The burner control knobs and panel on your grill may vary from the one shown here, but the cleaning process is the same. Remove the knobs by pulling them away from the control panel. Clean the knobs and the panel using Windex or Simple Green, then replace the knobs.
A Clean Machine, Ready For Grilling
To finish the job, wipe the frame, cabinet and LP tank with a damp cloth to remove any grime. Now step back and behold your clean machine…then fire it up and grill something delicious!
Ordering Replacement Parts
As you go through the deep cleaning process, examine the condition of each part. If you need replacement parts, many can be ordered from Amazon.com which helps support this blog. However, some specialized parts may have to be ordered direct from Weber.com at 800-446-1071 or from online sources like eReplacementParts.com or GrillStuff.com.
Does your cast iron skillet smell funky? If so, try this tip from America’s Test Kitchen. Place it in a 400°F grill or oven for about 10 minutes. This burns off the oxidized fatty acids left behind from cooking that cause the odor.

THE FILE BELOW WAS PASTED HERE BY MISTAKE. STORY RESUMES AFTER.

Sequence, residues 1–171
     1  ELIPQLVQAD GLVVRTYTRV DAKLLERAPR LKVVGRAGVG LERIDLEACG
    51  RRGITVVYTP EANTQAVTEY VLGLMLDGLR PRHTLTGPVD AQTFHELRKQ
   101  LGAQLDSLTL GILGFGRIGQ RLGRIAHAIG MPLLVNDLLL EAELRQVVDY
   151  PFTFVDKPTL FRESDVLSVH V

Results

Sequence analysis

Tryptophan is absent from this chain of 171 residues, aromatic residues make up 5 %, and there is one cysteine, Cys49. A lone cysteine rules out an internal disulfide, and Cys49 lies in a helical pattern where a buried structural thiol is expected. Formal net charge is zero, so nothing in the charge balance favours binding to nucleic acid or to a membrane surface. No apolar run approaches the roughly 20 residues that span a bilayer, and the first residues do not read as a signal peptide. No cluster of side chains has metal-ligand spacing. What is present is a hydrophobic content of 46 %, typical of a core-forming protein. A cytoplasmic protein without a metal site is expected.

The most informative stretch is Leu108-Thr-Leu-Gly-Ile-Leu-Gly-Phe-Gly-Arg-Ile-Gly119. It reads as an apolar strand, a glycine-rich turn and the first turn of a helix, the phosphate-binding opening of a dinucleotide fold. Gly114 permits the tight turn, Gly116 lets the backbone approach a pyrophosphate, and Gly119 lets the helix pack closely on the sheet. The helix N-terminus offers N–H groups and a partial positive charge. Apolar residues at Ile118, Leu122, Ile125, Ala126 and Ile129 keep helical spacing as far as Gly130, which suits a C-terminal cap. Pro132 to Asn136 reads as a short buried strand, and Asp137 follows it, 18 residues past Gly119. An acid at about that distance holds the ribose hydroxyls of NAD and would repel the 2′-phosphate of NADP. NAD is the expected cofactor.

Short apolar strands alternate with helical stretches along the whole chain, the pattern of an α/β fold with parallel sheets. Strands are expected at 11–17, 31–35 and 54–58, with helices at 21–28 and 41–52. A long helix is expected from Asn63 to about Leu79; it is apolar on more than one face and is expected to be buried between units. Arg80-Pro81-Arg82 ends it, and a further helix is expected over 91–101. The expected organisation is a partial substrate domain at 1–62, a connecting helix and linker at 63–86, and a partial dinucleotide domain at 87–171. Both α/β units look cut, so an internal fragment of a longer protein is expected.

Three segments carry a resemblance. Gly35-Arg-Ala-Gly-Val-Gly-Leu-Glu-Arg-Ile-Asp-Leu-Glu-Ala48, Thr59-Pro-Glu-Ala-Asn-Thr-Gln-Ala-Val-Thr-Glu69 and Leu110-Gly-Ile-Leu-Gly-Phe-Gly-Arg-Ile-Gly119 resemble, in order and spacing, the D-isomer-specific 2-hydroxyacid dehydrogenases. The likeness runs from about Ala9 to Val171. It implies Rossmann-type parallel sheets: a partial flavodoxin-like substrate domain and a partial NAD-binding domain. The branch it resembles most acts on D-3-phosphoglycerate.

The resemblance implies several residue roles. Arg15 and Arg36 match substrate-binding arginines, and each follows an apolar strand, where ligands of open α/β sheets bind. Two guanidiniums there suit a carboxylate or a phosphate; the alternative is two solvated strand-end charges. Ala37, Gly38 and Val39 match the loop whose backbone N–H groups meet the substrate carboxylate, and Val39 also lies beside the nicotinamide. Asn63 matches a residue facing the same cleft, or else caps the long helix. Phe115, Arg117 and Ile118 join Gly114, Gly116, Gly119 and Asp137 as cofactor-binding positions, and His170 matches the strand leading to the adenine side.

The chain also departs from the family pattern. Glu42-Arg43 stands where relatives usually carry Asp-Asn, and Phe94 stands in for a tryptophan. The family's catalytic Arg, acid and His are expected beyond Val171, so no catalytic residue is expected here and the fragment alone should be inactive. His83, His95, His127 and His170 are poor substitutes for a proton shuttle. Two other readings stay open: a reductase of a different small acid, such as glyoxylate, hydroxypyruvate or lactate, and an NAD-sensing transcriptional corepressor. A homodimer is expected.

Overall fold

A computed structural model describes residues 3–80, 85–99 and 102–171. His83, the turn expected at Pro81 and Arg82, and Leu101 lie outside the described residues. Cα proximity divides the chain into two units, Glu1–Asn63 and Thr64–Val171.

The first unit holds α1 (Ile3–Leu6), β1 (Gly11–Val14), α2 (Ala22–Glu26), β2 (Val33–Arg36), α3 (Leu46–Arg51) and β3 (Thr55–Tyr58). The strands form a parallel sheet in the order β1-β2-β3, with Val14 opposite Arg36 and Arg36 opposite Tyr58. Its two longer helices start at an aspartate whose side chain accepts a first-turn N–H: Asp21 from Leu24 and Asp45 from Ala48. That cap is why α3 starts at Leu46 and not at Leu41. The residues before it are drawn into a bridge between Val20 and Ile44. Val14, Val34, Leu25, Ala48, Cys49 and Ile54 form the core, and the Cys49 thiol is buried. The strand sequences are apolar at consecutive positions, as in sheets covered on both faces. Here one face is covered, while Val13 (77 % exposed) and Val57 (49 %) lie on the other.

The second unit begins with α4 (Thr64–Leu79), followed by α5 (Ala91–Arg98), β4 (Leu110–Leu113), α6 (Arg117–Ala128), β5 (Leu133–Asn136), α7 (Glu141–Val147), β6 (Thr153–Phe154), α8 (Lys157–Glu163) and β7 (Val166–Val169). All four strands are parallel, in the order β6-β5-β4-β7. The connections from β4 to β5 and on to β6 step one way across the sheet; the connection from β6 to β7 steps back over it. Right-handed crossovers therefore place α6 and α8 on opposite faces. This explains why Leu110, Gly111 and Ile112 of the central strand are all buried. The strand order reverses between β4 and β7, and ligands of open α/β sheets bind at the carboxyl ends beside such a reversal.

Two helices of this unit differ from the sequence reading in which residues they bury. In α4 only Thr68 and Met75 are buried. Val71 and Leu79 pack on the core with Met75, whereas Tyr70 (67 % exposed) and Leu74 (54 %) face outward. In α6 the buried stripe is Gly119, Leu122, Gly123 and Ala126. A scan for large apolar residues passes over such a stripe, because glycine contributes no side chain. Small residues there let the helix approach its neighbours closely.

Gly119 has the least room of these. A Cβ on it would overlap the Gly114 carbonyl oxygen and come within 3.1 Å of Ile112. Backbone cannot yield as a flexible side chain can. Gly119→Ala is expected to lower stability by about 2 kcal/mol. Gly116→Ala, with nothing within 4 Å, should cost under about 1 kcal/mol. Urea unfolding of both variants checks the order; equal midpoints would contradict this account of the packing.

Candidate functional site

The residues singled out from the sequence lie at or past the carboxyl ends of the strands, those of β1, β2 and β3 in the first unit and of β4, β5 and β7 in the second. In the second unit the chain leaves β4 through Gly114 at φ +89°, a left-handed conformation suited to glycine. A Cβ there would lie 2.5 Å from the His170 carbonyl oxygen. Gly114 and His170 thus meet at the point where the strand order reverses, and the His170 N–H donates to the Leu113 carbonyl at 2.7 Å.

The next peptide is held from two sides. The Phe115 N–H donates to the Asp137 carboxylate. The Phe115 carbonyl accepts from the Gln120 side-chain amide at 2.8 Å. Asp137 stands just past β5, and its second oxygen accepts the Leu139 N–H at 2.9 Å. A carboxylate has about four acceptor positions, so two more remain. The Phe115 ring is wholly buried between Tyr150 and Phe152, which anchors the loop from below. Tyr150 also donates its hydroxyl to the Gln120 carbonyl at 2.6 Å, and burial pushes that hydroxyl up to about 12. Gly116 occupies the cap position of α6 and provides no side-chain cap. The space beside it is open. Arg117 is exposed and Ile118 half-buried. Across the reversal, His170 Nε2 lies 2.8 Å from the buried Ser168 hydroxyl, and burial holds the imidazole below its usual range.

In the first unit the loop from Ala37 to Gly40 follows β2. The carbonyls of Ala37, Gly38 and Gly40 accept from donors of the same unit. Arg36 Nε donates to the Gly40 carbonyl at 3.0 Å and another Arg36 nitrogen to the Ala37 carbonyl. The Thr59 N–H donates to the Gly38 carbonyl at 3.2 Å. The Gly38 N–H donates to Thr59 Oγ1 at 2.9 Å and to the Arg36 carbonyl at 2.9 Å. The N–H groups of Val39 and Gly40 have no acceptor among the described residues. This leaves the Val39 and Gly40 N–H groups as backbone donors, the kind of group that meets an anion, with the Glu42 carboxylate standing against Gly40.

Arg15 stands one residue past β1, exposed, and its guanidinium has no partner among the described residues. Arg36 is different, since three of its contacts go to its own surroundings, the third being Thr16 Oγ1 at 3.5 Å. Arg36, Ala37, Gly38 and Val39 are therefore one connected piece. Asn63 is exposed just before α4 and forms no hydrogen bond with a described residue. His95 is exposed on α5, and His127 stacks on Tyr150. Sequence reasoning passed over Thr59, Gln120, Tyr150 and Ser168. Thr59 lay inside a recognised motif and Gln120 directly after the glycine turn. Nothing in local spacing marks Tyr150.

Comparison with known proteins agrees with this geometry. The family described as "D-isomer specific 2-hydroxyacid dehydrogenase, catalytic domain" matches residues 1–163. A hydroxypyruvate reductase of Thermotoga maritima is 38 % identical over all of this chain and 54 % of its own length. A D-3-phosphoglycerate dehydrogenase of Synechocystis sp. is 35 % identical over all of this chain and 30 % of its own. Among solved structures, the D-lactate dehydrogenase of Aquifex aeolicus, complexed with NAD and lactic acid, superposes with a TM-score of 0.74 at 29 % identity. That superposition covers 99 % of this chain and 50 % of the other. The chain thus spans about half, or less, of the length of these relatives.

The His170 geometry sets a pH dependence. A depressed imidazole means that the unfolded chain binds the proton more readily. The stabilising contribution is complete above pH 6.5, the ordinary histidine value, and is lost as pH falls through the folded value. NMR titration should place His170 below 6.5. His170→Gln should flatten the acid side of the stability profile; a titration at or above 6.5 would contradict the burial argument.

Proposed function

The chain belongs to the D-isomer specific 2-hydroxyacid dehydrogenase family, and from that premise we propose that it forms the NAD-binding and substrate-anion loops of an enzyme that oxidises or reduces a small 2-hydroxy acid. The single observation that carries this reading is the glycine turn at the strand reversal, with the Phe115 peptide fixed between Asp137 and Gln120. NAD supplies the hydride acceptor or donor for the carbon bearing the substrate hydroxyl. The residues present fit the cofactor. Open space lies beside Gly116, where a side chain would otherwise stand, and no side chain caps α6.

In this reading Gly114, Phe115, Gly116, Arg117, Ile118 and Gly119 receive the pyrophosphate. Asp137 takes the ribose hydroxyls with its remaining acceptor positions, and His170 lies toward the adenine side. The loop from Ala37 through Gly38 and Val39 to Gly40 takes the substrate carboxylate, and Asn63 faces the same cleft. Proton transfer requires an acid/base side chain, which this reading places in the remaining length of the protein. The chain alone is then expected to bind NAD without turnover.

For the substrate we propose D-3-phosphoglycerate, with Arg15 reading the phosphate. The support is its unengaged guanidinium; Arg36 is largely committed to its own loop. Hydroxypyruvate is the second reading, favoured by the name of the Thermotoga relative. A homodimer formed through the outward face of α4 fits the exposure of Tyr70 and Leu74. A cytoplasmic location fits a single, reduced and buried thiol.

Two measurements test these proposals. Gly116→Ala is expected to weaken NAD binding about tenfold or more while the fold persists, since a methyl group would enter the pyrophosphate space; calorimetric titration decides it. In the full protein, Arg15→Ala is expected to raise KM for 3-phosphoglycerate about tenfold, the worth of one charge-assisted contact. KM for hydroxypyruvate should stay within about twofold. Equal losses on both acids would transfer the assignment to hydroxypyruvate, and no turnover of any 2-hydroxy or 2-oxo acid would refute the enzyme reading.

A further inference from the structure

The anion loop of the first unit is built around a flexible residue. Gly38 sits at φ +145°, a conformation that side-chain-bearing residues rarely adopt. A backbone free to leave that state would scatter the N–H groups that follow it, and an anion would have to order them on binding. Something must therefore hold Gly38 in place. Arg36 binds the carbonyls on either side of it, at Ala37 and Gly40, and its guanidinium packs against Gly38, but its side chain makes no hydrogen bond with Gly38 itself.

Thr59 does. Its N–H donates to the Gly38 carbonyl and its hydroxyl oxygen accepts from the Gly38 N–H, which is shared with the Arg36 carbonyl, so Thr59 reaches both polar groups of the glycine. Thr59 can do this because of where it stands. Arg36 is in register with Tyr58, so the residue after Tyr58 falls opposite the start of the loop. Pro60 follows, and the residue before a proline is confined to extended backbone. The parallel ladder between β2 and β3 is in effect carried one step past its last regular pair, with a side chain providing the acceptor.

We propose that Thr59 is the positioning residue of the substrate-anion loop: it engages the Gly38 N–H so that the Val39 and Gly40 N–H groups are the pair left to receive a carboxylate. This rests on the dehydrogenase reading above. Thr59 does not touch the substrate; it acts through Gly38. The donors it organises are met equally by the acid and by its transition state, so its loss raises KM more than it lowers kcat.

Let the pan cool until still warm but safe to handle. Apply a thin coat of vegetable oil to the pan, removing any excess with paper towels. Your skillet is ready to go!
This method works for all cast iron skillets, pots, Dutch ovens, griddles and bakeware.
There are two, maybe three reasons why it’s best to burn-off the grates in your gas grill before grilling, not after:
1) You preheat the grill and burn-off the grates in a single step, saving time and fuel.
2) There’s zero chance of forgetfulness. If you burn-off after cooking, you go into the house and enjoy your meal, only to realize 30 minutes later that your grill is glowing cherry-red-hot out on the patio. In fact, on one occasion, I left the house to run errands with my Weber Summit 450 burning-off in the backyard. I’ll never make that mistake again.